Claims of biodegradability without further qualification usually means that the product will completely break down into its natural components with a year of disposal. “Most waste bags, however, end up in landfills where no plastic biodegrades in anywhere close to one year, if it biodegrades at all,” says the FTC.

For the full story, see: http://www.ftc.gov/news-events/press-releases/2015/02/ftc-staff-warns-marketers-sellers-dog-waste-bags-their. Or, for the NBC News take on it, see http://www.nbcnews.com/business/consumer/your-dog-poop-bags-arent-green-advertised-government-says-n301546.

Illustration: ‘doggie-pooper-scooper’ courtesy of www.bulletinbag.com.

Posted in Canine Science, Dogs in the News, Environmental Issues | Leave a comment

Collared: Politics and Personalities in Oregon’s Wolf Country

Here isresize a journalist-cum-geographer’s well documented account of the often contentious issue of wolves in Oregon – their reintroduction, recovery and management. “They are not the boogeyman, or storybook monsters aiming to prey upon the young or old,” the author writes. “They aren’t cuddly pets or religious icons. They are Canis lupus. Wolves.” Ergo: They are controversial. The story takes us from the ranches of NE Oregon to meeting halls in the state capitol where the subject of wolves is often hotly debated. The author’s purpose is to bring understanding to the issues, against the background of she calls the “torrid history of wolf management” in the USA. Because of the wide range of characters involved – ranchers, regional and local conservationists, biologists, state employees, and lawyers –Collared will be of interest to an equally wide range of readers, including students of wildlife conservation. The chapters cover such highly charged issues as depredation, litigation, and retribution, along with details on the science of recovery. Appendices include a timeline of events, details of the Oregon Wolf Conservation and Management Plan, and online sources of relevant documents.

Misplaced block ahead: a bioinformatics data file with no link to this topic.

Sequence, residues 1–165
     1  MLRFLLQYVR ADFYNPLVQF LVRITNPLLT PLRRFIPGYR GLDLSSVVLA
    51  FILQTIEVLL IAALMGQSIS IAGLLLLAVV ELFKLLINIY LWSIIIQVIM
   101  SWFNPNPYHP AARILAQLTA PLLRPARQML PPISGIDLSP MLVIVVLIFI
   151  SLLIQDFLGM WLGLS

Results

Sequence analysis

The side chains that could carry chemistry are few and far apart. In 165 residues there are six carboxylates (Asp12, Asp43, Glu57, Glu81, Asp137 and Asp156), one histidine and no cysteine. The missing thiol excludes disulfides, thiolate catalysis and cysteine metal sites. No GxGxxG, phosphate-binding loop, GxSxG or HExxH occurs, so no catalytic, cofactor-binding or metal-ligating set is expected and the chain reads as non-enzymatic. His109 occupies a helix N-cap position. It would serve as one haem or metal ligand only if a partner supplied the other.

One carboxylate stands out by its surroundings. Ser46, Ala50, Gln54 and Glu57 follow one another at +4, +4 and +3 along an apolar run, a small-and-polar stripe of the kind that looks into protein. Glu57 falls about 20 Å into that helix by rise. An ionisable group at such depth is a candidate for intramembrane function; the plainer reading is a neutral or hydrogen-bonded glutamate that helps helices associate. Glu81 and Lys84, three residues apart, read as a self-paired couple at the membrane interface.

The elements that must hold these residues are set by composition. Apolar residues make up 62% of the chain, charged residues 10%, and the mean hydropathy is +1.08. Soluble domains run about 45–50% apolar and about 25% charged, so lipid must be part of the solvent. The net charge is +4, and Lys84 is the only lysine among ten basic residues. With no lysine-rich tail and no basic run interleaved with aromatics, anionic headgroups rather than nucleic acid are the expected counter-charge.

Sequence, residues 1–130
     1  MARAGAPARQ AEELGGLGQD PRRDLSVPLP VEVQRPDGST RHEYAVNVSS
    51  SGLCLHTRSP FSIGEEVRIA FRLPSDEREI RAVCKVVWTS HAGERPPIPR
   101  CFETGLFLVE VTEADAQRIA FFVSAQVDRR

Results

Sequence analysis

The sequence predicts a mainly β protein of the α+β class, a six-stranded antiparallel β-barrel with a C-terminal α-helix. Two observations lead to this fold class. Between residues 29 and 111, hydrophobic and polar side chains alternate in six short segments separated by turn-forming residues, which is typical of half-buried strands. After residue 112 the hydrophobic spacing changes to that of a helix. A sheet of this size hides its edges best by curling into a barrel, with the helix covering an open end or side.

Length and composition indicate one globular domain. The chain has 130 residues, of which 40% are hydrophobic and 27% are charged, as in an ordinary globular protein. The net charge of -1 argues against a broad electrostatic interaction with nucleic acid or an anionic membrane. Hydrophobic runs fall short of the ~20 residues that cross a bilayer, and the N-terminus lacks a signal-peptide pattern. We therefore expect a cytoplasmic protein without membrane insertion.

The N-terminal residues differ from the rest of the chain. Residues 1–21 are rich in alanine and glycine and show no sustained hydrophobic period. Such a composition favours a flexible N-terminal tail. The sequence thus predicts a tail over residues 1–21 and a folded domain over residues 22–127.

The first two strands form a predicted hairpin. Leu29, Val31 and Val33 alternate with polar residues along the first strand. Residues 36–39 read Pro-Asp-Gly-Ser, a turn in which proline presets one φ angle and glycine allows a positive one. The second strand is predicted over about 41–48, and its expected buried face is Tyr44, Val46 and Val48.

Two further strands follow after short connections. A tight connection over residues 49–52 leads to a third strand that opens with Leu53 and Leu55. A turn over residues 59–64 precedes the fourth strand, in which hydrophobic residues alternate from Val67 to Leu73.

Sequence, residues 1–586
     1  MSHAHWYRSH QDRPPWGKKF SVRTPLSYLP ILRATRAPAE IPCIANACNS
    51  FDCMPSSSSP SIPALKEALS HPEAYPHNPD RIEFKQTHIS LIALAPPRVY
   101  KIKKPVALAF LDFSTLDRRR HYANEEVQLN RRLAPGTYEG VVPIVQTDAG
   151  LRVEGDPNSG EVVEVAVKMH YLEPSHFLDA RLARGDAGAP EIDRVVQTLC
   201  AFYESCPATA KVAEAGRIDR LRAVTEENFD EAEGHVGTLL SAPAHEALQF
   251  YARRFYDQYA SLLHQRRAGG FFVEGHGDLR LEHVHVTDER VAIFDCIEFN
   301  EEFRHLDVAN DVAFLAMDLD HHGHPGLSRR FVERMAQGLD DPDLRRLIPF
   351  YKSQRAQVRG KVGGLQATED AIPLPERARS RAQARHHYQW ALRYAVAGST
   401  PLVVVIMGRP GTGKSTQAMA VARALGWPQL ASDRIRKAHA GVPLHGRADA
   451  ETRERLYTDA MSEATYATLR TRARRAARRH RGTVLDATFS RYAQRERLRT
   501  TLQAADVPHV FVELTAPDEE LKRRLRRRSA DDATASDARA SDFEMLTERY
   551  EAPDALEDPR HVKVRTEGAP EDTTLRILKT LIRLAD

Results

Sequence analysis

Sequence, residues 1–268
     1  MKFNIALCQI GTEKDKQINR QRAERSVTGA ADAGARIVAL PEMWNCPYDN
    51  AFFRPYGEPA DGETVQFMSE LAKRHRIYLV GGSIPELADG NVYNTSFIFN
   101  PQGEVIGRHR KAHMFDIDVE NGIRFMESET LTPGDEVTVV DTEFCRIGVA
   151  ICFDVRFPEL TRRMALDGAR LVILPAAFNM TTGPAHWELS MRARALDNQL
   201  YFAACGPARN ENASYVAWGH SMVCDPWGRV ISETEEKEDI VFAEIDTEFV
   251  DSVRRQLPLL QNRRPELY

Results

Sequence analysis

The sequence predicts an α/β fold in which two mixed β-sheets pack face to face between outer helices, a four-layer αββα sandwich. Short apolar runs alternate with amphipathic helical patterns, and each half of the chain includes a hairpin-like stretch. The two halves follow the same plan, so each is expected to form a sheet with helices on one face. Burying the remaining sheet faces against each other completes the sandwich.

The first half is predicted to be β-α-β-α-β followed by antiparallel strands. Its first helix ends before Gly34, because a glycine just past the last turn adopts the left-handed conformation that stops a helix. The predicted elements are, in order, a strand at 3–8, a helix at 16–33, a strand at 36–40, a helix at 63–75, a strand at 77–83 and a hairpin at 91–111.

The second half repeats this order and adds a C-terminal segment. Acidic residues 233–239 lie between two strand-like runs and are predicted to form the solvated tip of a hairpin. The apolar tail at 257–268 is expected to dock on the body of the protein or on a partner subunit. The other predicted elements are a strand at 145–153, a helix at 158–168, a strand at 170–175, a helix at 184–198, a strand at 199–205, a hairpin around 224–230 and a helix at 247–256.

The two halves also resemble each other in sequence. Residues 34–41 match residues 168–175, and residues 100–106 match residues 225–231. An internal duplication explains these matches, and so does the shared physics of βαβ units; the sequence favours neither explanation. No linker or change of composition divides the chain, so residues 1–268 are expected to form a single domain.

Original review by Don Messerschmidt in the Portland Book Review (Portland, Oregon); see online at  http://portlandbookreview.com/collared-politics-and-personalities-in-oregons-wolf-country/.

Posted in BOOK REVIEW, Canine Cousins: Wolves, Canine History, Canine Science | Leave a comment

My Leash on Life (book review)

FOXYLenore Hirsch has recently published an enchanting little book, My Leash on Life: Foxy’s View of the World from a Foot off the Ground. It’s the sort of book someone of any age will enjoy, from a first-grader to young teen, and even older folks for a quick read. Lenore has done a masterful job of writing it for (with) Foxy. It is obvious that she loves dogs, and especially Foxy.

Here’s Foxy, a perky little guy, underfoot, viewing the world around him and interpreting all that he sees, smells, hears, and feels. Foxy at Starbucks. Foxy at the park. Foxy visiting the hospital. Foxy at the vet’s. Foxy being trained–“Sit,” “Stay,” Leave it!”, “Uh Uh!”… the works. Foxy lost in the park. Foxy visiting neighbors and friends. Foxy staying in a hotel. And Foxy watching sadly and a bit bewildered as a beloved human takes ill and passes on.

Foxy is everywhere, trying to figure out what makes us humans tick! His wisdom is unique and healthy, and his commentary on life (both dogs’ and humans’) is entertaining.

After you read this little book, you may well want a pooch like Foxy under your feet.

My Leash on Life: Foxy’s View of the World from a Foot off the Ground, by Lenore Hirsch. Napa, CA: Laughing Oak Press, 2013. 148 pp., 32 chapters, plus Introduction and Acknowledgments. ISBN 978.0.6158726.5.0.
Relevant websites: http://www.myleashonlife.me and http://www.amazon.com/My-Leash-Life-Foxys-Ground/dp/0615872654.
About the author: (adapted from Amazon.com) “After completing over 30 years in education as a teacher and principal, Lenore pursues her passion for writing. She writes humorous essays, poetry, a column in the Napa Valley Register, as well as a blog on the local restaurant scene and her dog’s blog, which became My Leash on Life. She also enjoys photography, travel, and cooking.”